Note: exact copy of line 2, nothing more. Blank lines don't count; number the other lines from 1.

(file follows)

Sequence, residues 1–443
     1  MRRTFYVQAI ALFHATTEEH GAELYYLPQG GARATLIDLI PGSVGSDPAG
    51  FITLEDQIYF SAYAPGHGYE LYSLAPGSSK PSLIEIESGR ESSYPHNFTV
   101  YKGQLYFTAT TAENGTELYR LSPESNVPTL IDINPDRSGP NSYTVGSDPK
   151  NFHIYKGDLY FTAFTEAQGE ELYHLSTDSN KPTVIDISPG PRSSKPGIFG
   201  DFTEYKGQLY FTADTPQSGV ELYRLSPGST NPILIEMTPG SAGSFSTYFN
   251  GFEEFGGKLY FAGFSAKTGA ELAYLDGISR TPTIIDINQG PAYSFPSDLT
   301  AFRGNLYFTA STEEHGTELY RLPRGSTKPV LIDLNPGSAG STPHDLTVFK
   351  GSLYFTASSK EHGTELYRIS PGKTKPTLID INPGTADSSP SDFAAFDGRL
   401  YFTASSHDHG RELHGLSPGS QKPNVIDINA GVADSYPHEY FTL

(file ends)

     1  MRRTFYVQAI ALFHATTEEH GAELYYLPQG GARATLIDLI PGSVGSDPAG